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Published on January 2nd, 2012 | by Susan Kraemer


Government Scientists More Efficient at Splitting Hydrogen

January 2nd, 2012 by  


Scientists at the Argonne National Laboratory have just made a breakthrough in bringing the hydrogen economy closer, by splitting hydrogen ten times faster.

Hydrogen will become more useful in a carbon-constrained future, because it can store energy. But the most difficult part has been isolating a single hydrogen molecule in the first place so it can be worked with. Normally, hydrogen shows up only in pairs of atoms – as H2.

Separating it out into single atoms is currently such an energy-intensive and expensive process that it is not cost-effective for energy storage. That is why the much touted future “hydrogen economy” has always remained “just around the corner”, despite hydrogen’s great promise as an important energetic element. Only small amounts are needed to make semiconductors. Today’s hydrogen fuel cells are very expensive.

As Nenad Markovic, a senior chemist at Argonne, noted, “People understand that once you have hydrogen, you can extract a lot of energy from it, but they don’t realize just how hard it is to generate that hydrogen in the first place.” Markovic led research at Argonne that has resulted in finding a cheaper, cleaner way to produce pure hydrogen.

But by adding adding clusters of a metallic complex; nickel-hydroxide to the platinum catalyst currently used, the team was able to split single hydrogen atom out of water molecules much more easily than doing so with only the platinum catalyst.

Their research was reported in the December 2 issue of Science. How much faster and easier was it?

The new catalyst combination drove the reaction at ten times the previous rate, saving both energy and money. Chalk one up for those “Big Government” scientists – who this year escaped narrowly escaped defunding by the Tea Party/GOP.

The Department of Energy’s Office of Science that includes Argonne National Lab, where this breakthrough was made, escaped a cut that the Republican House funding level threatened.

“We won’t have to shut down our facilities,” Eric Isaacs, director of Argonne National Laboratory told Science Insider in April when a compromise was hammered out. “We may have to adjust how we operate them, but we won’t have to shut them down.”

Researchers had expected as much as 20% in cuts when the first House budget was proposed, and were relieved when it looked like just 6% cuts earlier this year.

But after Senate Democrats were able to put back some science and renewable energy funding in December for FY2012, the final Office of Science budget for next year wound up having a small increase to $4.9 billion, below the Obama Administration’s request for $5.4 billion, but a slight increase of $46 million.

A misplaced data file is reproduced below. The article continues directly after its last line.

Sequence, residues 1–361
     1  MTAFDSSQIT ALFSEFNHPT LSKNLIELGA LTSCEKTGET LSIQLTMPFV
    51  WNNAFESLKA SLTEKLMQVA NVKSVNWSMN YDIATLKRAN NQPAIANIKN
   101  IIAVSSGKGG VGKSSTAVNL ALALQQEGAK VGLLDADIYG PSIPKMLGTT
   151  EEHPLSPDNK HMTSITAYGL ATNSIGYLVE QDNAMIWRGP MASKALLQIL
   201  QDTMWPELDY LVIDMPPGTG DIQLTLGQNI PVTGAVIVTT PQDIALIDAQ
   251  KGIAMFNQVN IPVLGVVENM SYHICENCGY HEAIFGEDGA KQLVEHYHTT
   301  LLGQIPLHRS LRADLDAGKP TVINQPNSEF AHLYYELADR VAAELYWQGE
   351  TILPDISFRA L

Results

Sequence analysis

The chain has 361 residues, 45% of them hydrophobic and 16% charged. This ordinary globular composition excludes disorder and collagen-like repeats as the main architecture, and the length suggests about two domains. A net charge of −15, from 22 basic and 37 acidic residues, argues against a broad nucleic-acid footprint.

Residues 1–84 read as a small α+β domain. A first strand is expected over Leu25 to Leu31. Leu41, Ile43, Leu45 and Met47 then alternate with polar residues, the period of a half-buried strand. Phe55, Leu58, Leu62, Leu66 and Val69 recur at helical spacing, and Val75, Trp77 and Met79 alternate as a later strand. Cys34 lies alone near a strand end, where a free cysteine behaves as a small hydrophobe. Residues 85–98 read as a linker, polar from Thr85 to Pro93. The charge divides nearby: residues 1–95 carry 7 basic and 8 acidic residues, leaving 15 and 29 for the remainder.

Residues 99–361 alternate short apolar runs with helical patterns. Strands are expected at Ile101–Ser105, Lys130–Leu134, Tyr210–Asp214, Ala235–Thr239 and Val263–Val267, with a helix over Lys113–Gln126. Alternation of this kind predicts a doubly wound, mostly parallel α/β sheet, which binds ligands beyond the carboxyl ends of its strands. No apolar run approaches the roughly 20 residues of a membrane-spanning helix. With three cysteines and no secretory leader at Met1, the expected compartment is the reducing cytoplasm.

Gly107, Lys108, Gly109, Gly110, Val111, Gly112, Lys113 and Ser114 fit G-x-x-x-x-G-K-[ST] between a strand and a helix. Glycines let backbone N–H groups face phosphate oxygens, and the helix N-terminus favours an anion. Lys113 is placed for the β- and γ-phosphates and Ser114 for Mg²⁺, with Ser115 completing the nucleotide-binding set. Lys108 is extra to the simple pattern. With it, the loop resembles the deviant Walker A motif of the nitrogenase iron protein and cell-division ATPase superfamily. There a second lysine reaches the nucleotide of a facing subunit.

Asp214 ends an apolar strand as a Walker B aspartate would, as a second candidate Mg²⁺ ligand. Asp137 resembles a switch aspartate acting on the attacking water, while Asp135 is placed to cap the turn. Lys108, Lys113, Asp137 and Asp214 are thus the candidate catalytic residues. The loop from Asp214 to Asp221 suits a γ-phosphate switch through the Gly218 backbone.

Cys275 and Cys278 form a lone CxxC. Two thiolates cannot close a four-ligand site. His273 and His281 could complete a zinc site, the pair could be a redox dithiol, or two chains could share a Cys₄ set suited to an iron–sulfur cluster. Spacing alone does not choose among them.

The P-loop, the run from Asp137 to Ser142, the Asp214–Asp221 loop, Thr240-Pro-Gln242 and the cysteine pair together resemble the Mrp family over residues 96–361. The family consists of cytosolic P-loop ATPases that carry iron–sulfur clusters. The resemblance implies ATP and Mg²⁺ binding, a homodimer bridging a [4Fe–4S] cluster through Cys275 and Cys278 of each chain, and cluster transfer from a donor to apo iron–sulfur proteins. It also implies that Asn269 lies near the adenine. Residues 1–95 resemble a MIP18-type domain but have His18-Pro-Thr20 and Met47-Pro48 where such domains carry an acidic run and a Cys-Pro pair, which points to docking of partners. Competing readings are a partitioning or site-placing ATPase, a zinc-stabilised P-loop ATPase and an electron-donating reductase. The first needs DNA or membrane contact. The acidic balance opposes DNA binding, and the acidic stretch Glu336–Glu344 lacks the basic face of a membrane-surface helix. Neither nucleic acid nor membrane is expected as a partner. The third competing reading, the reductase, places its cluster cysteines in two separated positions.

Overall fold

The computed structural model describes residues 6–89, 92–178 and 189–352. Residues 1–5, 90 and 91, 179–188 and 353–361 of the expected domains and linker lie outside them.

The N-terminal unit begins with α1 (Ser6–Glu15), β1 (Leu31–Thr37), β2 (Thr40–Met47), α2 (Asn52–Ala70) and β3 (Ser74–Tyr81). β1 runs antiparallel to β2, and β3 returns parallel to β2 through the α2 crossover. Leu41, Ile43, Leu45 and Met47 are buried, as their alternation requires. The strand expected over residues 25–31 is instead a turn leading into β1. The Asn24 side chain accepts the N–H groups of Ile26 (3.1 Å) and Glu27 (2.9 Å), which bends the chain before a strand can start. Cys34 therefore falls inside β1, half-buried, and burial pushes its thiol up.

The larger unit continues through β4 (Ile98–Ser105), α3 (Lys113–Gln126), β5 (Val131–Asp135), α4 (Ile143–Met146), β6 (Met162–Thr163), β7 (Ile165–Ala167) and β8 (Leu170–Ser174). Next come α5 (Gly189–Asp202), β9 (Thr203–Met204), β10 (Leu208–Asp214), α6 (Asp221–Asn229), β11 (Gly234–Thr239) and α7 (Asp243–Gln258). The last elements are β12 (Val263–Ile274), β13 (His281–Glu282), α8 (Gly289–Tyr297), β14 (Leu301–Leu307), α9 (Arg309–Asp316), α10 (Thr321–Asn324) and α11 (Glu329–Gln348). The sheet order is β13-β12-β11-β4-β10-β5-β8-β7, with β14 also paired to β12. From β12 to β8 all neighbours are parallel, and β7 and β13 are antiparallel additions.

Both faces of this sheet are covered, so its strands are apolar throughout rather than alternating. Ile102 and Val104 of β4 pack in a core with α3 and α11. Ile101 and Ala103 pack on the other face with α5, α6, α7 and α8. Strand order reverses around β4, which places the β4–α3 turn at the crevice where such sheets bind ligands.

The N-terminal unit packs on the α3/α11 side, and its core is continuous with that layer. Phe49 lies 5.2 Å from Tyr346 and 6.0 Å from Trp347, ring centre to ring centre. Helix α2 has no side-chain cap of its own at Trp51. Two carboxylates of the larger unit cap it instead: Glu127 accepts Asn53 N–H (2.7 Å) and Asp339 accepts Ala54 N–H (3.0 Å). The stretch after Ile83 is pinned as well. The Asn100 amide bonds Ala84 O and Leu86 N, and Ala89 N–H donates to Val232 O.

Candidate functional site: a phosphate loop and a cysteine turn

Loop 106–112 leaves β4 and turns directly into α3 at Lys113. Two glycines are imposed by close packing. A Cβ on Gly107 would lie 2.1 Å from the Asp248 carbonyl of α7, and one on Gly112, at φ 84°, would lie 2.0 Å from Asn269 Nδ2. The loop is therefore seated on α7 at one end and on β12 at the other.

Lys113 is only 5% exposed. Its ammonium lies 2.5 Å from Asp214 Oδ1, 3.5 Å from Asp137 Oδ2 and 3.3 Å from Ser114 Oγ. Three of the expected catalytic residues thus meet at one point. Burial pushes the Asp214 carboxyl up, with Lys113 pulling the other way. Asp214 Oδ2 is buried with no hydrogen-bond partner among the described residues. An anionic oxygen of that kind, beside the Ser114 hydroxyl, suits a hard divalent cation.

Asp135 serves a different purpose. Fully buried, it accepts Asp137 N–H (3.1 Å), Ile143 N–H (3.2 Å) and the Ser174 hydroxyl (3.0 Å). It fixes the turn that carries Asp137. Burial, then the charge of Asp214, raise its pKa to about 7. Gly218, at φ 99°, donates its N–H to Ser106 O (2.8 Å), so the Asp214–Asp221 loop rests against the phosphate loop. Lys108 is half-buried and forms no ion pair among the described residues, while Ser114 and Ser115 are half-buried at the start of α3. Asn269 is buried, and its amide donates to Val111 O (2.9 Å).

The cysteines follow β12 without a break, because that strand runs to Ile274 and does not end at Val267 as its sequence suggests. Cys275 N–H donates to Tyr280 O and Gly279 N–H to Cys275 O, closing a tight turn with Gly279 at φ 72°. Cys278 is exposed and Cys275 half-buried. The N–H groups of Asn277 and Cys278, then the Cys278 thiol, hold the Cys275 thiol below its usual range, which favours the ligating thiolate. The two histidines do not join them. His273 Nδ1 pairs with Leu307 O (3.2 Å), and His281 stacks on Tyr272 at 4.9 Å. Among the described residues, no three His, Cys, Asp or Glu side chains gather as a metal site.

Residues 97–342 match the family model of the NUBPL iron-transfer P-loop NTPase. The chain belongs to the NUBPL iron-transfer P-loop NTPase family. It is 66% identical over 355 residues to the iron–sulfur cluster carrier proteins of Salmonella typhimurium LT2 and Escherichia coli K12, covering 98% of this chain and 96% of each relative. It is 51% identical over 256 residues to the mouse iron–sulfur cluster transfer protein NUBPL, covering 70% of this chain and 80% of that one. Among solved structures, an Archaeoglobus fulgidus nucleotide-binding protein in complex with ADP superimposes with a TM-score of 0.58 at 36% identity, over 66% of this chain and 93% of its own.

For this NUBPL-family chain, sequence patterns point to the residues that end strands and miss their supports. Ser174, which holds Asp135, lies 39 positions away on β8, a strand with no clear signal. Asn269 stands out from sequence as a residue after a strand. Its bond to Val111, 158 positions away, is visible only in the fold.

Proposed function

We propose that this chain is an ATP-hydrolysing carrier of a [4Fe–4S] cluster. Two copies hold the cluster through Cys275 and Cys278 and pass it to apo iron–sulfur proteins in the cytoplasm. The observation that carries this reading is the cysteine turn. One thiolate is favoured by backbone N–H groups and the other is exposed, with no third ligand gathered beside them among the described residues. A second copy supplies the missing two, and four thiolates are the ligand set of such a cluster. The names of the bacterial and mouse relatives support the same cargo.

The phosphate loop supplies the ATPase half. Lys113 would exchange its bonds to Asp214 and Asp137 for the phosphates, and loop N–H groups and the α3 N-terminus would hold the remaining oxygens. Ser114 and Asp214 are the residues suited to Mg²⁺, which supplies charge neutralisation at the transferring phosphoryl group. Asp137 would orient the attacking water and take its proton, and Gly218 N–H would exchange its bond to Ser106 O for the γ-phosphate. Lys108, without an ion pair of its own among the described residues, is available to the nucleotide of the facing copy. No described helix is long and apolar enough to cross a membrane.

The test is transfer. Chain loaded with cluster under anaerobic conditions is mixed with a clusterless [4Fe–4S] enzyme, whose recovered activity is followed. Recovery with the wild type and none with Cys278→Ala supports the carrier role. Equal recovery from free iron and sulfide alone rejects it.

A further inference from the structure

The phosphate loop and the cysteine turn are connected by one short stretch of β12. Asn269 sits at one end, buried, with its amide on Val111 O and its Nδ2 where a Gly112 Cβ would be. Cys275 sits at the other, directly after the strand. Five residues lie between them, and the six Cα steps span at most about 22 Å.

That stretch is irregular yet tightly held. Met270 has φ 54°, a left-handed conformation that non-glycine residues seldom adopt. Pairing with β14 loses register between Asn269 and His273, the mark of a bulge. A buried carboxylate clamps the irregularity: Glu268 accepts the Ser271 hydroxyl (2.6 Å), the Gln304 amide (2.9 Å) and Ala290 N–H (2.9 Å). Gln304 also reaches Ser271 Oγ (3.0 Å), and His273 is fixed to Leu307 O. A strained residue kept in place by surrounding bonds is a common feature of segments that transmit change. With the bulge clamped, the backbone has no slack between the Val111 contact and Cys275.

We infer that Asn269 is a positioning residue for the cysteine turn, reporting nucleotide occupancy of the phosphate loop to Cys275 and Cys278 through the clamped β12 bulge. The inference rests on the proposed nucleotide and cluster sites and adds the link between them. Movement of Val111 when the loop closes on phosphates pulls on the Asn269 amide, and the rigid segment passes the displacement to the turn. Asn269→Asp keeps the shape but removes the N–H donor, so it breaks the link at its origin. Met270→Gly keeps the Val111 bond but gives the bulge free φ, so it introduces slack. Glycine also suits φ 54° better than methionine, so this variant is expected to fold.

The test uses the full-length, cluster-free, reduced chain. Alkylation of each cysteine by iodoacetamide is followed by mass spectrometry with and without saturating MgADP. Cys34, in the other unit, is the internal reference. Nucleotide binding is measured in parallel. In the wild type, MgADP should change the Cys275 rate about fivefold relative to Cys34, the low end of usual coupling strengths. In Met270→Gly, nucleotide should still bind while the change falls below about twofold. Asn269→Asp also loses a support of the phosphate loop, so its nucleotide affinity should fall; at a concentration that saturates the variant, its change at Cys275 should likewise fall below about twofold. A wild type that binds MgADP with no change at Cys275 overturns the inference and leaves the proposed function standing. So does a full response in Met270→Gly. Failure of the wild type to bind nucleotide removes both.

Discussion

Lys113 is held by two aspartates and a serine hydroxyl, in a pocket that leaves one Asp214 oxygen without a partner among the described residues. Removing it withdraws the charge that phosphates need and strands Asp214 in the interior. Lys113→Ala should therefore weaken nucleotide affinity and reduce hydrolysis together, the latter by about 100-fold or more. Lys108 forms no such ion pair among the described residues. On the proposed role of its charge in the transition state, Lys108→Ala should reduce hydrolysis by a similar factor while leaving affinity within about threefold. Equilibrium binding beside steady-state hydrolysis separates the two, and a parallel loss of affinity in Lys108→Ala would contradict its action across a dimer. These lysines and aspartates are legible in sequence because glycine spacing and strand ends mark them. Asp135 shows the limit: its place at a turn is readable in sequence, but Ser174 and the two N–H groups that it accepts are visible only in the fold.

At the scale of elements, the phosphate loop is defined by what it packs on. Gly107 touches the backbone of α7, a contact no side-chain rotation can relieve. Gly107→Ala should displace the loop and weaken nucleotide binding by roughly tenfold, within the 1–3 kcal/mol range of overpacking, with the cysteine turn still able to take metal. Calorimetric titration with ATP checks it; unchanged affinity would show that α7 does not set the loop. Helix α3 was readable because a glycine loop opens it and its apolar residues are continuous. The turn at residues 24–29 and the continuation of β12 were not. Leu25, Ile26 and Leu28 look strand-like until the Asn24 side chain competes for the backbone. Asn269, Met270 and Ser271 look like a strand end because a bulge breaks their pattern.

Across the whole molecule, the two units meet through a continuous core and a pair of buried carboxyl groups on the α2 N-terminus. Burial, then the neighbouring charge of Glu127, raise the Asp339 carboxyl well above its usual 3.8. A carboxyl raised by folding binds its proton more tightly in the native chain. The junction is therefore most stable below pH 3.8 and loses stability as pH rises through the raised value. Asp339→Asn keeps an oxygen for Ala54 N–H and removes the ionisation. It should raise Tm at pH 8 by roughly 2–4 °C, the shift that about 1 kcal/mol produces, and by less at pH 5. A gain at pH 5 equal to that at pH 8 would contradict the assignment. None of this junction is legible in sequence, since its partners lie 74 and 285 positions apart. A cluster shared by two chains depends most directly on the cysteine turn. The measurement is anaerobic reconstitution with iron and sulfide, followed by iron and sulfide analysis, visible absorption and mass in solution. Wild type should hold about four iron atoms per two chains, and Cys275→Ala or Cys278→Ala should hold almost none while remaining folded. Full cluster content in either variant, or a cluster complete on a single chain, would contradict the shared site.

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About the Author

writes at CleanTechnica, CSP-Today and Renewable Energy World

She has also been published at Wind Energy Update, Solar Plaza, Earthtechling PV-Insider , and GreenProphet, Ecoseed, NRDC OnEarth, MatterNetwork, Celsius, EnergyNow, and Scientific American.

As a former serial entrepreneur in product design, Susan brings an innovator’s perspective on inventing a carbon-constrained civilization: If necessity is the mother of invention, solving climate change is the mother of all necessities! As a lover of history and sci-fi, she enjoys chronicling the strange future we are creating in these interesting times. 
Follow Susan on Twitter @dotcommodity.

  • Origo1

    Hasn’t anyone heard of photocatalysts? Water in contact with a photocatalyst while simultaneously being exposed to light generates hydrogen and oxygen, which are then directed through gas separators.

  • Mark P

    Susan needs to get some science education. electrolysis separates both hydrogens from the water, and they will be in the molecular form – H2.

    the balanced equation comes to – (2) H2O (l) -> 2 O2 (g) + 2 H2 (g).

  • Anonymous

    Hydrogen is a highly refined form of natural gas. It’s much easier to store if you leave it in the methane molecule until you need it.

    • Anonymous

      Better to leave it connected the rest of the methane molecule and also leave the entire mess in the ground.

    • Mark P

      No it’s not, it’s an element. The most abundant element in the universe, in fact. Also, they produce it from water, not methane.

      • Hydrogen is nowadays mostly produced from natural gas (methane). This is the only known method which is cheap-enough (still very expensive).

        However, the article was about hydrolisis aided by an efficient new catalyst.

        This is promising, but I believe there are several similar approaches. My favourite is the one which uses solar energy directly for splitting water and doesn’t need external electrical energy at all.

  • Bush funded the DOE’s Hydrogen Initiative to the tune of 1 Billion. Obama-Chu should be stepping up and going “all in” on Hydrogen research including nanomaterials, storage, building highway infrastructure. Romney should be on this issue as well.

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